Majority and Minority

In the United States, the majority of voters usually decides who will win an election. Majority means more than half. Many important decisions are made by majority rule. For example, the majority of lawmakers in Congress must agree on a law before it is passed.

Even though most decisions are made by majority rule, the rights of the minority are protected. Minority means fewer than half. The majority cannot take away the rights of small groups of people to express unpopular views or take part in the government. This limit on majority rule is sometimes called minority rights.


Two Hundred Years Thousands of balloons were released to celebrate the 200th anniversary of the U.S. Constitution in 1987.

REVIEW What does the rule of law promise to everyone?


Structure of the Government

The federal government is our national government. The Constitution created a federal government with three branches. These branches, or parts, are the legislative, executive, and judicial branches.

The three branches of government work together, but each branch has its own powers. A system of checks and balances prevents any one branch from having too much power. In this system, each branch limits the power of the other two branches.

For example, the President can veto, or reject, laws passed by Congress. Congress can refuse to approve treaties made by the President. The courts of the judicial branch can rule that laws made by Congress or actions taken by the President are unconstitutional.

All three branches are supposed to work toward the common good of the country's citizens. The common good means what is best for the whole country, not just for a few individuals.


Executive Branch

The head of the executive branch is the President. The Vice President and the heads of government departments give advice to the President.

proposes, approves, and enforces laws made by Congress

makes treaties with other countries

leads the military

Legislative Branch

The legislative branch is called Congress. Congress has two parts: the Senate and the House of Representatives.

makes laws

raises money by collecting taxes or borrowing money

approves the printing of money

can declare war

Judicial Branch

The Supreme Court and other courts make up the judicial branch. One Chief Justice and eight Associate Justices serve on the Supreme Court.

decides whether laws follow the guidelines of the Constitution

decides what laws mean

decides whether laws have been followed

REVIEW Why is it important that a balance of power exist among the three branches of government?


Levels of Government

The federal government is not the only government in the United States. Every state has a government, which is led by a governor. Some decisions are made by the federal government, while others are made by a state government.

Each state is broken into smaller units that have local governments. These units may include counties (parts of states made up of several towns), townships (small parts of counties), cities, and school districts. Local governments take many forms. Some are headed by a mayor. Others are run by a city manager or by a group of people such as a town council.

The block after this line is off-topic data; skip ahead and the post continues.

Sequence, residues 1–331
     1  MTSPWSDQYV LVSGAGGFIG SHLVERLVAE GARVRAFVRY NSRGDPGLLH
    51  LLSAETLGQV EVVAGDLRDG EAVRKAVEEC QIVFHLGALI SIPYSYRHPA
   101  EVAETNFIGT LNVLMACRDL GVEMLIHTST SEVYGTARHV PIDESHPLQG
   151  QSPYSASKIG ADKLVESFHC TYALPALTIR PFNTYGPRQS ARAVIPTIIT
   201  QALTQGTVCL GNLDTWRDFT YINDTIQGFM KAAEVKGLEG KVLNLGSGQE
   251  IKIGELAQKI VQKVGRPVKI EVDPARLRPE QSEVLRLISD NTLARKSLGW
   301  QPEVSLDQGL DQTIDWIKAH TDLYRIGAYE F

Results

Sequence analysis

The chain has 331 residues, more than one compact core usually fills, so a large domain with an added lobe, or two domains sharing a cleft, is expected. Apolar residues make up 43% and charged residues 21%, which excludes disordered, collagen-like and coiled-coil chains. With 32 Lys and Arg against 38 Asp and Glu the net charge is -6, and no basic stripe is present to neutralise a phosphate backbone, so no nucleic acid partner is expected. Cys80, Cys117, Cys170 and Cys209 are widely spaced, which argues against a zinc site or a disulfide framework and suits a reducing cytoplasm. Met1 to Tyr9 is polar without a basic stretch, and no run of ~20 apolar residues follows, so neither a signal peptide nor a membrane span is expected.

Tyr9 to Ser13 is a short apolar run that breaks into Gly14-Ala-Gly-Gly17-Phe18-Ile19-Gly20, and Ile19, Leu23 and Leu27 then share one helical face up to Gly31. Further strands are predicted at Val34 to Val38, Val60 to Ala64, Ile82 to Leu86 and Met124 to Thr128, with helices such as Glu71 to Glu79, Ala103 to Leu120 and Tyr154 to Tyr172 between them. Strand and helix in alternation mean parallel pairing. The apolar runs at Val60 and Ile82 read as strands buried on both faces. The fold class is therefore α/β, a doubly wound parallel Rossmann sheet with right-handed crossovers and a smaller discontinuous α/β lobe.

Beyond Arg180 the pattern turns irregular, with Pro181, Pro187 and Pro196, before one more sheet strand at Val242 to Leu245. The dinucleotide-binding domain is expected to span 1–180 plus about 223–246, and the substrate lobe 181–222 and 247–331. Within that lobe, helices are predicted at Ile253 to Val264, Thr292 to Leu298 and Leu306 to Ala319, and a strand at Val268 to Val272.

Federal, state, and local governments have their own powers, but they also share some powers. For example, both the federal and state governments collect taxes, set up courts, and make and enforce laws.

Federal Government

Main Powers

prints money

declares war

runs the postal system

makes treaties with other countries

collects income taxes


State Government

Main Powers

issues licenses, such as marriage licenses and driver's licenses

runs elections

sets up local governments

collects income and sales taxes

Local Government

Main Powers

provides police and fire protection

runs public schools and public libraries (with help from the state)

provides public transportation, such as buses and subways

collects sales and property taxes

REVIEW Which level of government has the power to run elections?


The Bill of Rights

The first 10 amendments to the Constitution are called the Bill of Rights. An amendment is an official change or addition to a law. The Bill of Rights is like a promise to the people of the United States. It lists many of the individual rights the U.S. government promises to protect. This chart explains each amendment.

The First Amendment says we have the right to speak our minds.

  1. First Amendment The government cannot support any religion above another. It may not prevent people from practicing whichever religion they wish. People have the right to say and write their opinions, and the press has the right to publish them. People can also meet together and ask the government to make changes.

  2. Second Amendment Because people may have to fight to protect their country, they may own weapons.

  3. Third Amendment People do not have to allow soldiers to live in their homes.

  4. Fourth Amendment The police cannot search people or their homes without a good reason.

  5. Fifth Amendment People accused of a crime have the right to a fair trial. They cannot be tried more than once for the same crime. Accused people do not have to speak against themselves at a trial.